Wednesday morning I awoke to sub-freezing temperatures. My Hoja Santa long past giving up the ghost, I set out to check on my arugula and radicchio plantation. The radicchio had relocated to one of Dante’s hells but the arugula was fighting to stay alive. I covered it and under the cover of a late autumn fog I headed off to catch a plane to Houston.
The night before I had gotten a call from a colleague who had informed me that I had gotten removed as moderator
I am in the habit of understanding that Italian government employees work in a separate reality, so while I was disappointed I wasn’t surprised. After a round of emails to other folks on the panel and in the bloggy-blog world,
Last year at the Italian extravaganza in NY, what did they call it - Vino 2009 - where there were all kinds of seminars and dinners and awards and tastings and everyone left NY feeling all warm and fuzzy? Well they will do it again next year in Feb, Vino 2010. And I will trek from La Jolla to Dallas to New York to show up and be a good soldier for the cause of Italian wine
Thinking that the social network can hold up just fine without me for a day or two, I ventured into the wine jungle that is Houston. 30 degrees warmer than Dallas, which was a welcome change. But hopefully I would be able to embrace the deeper side of things Italian, especially during this moment when all things sharp turn smooth and all things bitter turn sweet.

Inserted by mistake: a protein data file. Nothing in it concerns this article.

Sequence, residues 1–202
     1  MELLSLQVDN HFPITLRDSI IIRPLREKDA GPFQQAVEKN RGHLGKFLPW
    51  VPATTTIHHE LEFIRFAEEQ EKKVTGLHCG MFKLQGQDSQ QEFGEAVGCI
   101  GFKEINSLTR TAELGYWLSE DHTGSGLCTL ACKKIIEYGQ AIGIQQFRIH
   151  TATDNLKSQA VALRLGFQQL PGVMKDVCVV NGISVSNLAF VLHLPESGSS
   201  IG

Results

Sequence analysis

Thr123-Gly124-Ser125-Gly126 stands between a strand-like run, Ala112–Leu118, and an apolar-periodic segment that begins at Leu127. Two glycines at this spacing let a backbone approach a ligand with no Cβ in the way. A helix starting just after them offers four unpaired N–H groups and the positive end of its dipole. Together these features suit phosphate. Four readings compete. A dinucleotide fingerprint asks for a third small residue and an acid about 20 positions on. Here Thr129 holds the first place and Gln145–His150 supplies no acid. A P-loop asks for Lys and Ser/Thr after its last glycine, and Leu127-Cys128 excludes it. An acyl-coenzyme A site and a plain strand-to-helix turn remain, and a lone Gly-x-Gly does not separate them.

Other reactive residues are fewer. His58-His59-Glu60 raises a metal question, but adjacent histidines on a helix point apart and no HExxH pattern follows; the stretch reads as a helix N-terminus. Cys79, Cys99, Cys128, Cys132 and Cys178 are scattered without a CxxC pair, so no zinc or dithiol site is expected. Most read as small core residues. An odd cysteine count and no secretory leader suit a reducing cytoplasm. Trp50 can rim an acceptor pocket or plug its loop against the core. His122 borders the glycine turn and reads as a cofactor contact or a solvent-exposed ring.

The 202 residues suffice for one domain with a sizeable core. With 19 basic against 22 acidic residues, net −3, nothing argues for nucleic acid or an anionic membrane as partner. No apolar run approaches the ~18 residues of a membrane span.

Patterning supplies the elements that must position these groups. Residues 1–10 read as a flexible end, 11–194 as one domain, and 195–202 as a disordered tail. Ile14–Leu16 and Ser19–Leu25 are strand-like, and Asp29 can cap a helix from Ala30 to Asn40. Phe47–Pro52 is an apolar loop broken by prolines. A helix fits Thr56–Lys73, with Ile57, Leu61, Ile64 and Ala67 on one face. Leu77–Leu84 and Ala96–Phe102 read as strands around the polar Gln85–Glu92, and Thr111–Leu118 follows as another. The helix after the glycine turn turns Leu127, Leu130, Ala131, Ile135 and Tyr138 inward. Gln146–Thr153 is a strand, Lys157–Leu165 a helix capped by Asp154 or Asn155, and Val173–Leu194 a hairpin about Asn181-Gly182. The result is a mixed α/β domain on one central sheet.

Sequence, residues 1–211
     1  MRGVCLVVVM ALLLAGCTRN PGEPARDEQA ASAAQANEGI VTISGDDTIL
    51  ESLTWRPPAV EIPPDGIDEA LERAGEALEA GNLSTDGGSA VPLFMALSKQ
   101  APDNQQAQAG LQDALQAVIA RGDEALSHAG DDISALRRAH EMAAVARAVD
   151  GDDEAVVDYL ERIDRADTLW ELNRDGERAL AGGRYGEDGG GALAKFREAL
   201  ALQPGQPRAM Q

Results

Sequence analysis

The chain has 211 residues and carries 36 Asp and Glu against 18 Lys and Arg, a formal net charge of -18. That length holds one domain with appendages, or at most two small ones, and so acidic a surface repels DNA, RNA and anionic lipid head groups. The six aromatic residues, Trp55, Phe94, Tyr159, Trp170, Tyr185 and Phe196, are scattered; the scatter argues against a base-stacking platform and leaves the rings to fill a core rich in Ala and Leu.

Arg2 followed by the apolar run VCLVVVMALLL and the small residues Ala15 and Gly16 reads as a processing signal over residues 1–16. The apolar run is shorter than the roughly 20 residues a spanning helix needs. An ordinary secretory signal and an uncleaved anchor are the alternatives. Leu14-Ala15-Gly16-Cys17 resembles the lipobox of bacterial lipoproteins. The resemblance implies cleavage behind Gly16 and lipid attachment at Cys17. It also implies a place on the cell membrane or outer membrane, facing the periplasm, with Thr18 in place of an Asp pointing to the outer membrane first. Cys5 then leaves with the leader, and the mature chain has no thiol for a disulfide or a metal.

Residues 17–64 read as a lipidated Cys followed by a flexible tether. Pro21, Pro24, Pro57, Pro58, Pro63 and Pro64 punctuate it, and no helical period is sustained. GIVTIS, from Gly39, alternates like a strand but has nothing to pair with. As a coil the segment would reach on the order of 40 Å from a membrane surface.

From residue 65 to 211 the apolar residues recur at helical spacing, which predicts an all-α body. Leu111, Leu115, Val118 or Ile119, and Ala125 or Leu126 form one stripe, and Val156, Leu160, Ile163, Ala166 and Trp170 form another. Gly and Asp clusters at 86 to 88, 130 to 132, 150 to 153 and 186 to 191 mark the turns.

A warm porchetta at Giacomo's and the welcome embrace of Lynette with a bottle of Trebbiano was a good start. Beets, cauliflower and a little taste of insalata di mare misto sent my altered regimen of eating into the stratosphere, if just for a day. But here, as I have written before, is a place that gets the sensibilities of things Italian. Thankfully the Houston restaurant reviewer, Alison Cook, totally gets it. Great review, lots of business. Read here.
We slipped over to another friend’s place, this one a bit more of a challenge because the next generation is taking the reins of the business, slowly. Still, this has been a field we have steadily plowed over the years. Houston is just too young of an urban blot to make a deep enough impression on the Italian experience in America, even though the Sicilian heritage is long and deep.
Running over to Tony’s to taste with Jon and his colleague; Rosenthal wine rep was there with a full bevy of great French and Italian wines. The Piedmont wines from De Forville and Brovia were showing gorgeously. Also opened were a Nero d Avila from Las Lumia which was stinky and wild and wonderful and a Primitivo from Pichierri that was equally savage in its unbridled refusal to surrender to the Rollandization of wine. Very happy to taste these wines with the Rosenthal examples. All these years showing these wines to somms and wine stores and not having anything to go on but my story and a hope that folks would connect with these authentic examples of individualism in Italian winemaking. Very happy.
Later in the day the very same colleague who had to break the news that I had been bumped in favor of Andy Blue called again. “You’re Calabrese aren’t you?” I didn’t know if I was in trouble for something, but I said, “Well, yes, my mother’s family came from there.” My friend then asked me to moderate a panel on Calabria wines.”The Italian Trade Commission felt bad about the way they disregarded you and they wanted to ask you if you would help out with the Calabrese panel.” Being a good soldier, I said sure. Look, my life is pretty good; all things are working out just fine. I always remember the energy of this whole thing revolves around the wine gods and sometimes you gotta serve somebody.
And that, dear listeners, is 24 hours in the life of an Italian wine guy, on the wine trail, this time in Houston during a cold snap. Mmm, gotta find me an amaro before I call it a day.